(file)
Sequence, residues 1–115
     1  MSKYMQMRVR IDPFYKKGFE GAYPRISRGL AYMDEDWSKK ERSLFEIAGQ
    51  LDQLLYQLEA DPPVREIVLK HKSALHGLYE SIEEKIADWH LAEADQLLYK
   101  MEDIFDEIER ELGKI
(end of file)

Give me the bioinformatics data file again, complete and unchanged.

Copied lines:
Sequence, residues 1–115
     1  MSKYMQMRVR IDPFYKKGFE GAYPRISRGL AYMDEDWSKK ERSLFEIAGQ
    51  LDQLLYQLEA DPPVREIVLK HKSALHGLYE SIEEKIADWH LAEADQLLYK
   101  MEDIFDEIER ELGKI